8. I doubt that one course in real analysis will change things drastically. I had overlapping courses with actuarial students at UofT including the "Elements of analysis": MATH 336 H1. This is the real analysis class for actuarial students at uoft and I'm worried you may take it. Don't! Take MATH 357H1 instead. I also had complex variable (334) btw. Got 100 in both of these classes --no help to my application at all. The truth is that most people in those classes are definitely not math-savvy and have no clue so the instructor has to go extremely slow and review calculus stuff all of the time. Th
  9. Completely agree with this assessment. I went to U of T for my undergrad and also had background from finance. I did my masters at Harvard with full A's in standard phd sequence (math stats, probability). My GPA is much better (near 4.0), with strong letters. Still I was rejected at schools at the rank of ~50, e.g. University of Florida as well as mid-ranged schools such as UWM. A major flaw is my math background which is still stronger than yours. The point is mid to low ranked schools care A lOT about math abilities such as real analysis but I don't have it. You are definitely NOT safe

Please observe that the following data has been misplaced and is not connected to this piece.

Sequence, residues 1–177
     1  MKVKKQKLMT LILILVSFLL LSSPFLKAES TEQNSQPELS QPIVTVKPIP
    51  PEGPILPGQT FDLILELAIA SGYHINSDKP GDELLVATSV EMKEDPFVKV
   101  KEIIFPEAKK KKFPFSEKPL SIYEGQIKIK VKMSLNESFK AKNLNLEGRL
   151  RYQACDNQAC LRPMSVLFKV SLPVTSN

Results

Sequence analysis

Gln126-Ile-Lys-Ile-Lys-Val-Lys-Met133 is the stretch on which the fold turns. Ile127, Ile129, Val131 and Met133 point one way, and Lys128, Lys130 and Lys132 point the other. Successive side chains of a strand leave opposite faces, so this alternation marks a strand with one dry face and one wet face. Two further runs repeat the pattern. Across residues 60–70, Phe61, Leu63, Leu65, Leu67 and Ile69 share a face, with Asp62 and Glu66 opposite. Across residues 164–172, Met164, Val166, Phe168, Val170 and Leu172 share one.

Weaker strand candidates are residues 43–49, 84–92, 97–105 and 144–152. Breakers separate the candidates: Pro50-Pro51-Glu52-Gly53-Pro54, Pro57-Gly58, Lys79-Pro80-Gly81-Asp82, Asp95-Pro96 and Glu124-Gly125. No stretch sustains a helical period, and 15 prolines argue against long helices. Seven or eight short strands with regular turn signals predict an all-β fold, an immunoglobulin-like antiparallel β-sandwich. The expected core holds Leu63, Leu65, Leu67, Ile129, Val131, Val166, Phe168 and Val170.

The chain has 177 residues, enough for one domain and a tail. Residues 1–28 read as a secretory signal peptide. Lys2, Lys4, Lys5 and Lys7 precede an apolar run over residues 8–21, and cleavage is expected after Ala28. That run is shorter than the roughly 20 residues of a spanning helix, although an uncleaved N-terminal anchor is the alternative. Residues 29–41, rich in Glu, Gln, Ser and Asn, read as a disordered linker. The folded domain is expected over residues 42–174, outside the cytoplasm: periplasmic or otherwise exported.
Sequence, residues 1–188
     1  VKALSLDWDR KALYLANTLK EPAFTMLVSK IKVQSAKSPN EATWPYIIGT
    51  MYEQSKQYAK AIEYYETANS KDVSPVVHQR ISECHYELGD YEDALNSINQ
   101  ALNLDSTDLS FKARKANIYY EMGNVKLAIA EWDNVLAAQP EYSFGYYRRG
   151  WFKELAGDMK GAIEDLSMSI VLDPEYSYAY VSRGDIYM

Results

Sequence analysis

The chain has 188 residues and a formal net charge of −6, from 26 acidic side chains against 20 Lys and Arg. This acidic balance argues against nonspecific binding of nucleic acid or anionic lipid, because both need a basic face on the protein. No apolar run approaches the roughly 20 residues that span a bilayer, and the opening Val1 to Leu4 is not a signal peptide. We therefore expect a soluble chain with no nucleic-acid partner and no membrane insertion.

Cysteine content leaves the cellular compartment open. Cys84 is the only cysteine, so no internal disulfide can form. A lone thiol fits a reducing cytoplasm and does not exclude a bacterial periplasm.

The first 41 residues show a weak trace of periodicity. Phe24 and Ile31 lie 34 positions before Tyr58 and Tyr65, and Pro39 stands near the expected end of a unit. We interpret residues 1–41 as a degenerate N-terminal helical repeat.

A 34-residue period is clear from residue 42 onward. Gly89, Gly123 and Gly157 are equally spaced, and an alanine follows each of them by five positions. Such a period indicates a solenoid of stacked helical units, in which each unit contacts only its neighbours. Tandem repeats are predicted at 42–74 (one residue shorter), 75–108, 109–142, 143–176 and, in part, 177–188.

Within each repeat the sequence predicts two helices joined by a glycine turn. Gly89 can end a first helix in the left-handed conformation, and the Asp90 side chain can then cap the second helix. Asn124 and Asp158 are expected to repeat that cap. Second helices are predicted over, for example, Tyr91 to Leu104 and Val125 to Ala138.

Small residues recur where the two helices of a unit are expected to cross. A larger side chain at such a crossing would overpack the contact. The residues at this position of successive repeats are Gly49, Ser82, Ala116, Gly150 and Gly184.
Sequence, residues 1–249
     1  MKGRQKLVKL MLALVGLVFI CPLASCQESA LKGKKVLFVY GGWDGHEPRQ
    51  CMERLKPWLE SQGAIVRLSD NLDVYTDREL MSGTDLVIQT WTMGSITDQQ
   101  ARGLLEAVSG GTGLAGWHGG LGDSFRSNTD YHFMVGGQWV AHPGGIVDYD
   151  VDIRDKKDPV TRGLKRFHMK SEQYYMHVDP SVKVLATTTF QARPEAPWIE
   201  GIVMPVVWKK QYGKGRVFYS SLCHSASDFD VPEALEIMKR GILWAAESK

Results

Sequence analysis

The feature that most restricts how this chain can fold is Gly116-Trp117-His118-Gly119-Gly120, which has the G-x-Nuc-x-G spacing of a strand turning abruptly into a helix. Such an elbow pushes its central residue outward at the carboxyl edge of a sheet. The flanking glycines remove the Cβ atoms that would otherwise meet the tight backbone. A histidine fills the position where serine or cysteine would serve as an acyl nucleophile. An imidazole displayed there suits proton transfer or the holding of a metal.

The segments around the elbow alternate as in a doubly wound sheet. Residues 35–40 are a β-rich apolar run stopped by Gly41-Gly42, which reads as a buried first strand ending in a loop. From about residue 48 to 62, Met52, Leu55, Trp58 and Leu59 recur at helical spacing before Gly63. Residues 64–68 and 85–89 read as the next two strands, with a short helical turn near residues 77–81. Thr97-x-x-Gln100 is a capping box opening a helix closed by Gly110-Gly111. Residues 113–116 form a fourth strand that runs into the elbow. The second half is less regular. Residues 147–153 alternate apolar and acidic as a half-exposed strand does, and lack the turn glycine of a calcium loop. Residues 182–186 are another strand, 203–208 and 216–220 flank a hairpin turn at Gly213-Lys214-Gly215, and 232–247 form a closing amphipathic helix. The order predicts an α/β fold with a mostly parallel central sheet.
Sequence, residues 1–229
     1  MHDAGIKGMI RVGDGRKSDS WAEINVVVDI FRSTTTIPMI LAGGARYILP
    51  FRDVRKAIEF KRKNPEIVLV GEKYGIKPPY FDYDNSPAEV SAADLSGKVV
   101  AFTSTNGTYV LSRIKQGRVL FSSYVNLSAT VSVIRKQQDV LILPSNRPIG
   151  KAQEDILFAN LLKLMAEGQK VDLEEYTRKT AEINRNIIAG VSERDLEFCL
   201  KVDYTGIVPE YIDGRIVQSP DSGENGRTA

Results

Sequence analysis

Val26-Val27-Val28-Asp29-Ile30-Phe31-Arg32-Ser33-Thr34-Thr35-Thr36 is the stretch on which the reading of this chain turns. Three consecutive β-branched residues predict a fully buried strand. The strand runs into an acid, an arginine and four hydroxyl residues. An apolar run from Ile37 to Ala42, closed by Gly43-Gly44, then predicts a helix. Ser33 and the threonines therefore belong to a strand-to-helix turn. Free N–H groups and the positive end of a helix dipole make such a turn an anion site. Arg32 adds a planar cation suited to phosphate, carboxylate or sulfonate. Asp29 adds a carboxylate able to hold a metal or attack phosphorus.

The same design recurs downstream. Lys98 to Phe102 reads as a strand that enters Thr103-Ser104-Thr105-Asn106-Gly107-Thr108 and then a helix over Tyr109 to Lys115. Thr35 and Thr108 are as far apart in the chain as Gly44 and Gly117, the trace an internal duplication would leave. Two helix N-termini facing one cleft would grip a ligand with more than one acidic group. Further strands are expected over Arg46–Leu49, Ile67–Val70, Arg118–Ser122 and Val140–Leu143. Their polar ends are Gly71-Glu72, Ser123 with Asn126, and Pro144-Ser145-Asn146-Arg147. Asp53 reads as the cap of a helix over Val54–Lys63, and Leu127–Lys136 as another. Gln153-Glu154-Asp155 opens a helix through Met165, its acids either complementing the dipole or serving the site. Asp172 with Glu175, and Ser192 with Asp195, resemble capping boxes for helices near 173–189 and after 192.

10. I would recommend just taking same courses with PhD students at Stanford (probability, theory stats, and applied stats) and focus on doing research. If you could do PhD sequence, there is no concern about whether or not if you have real analysis. And this saves you tons of time when you become a phd because you have already done these classes. I think you failed last time because you have no relevant research experience in statistics--that *in principle* is fine but you are competing against people who have done cutting-edge stuff in stats for 2+ years in their undergrad and have accumul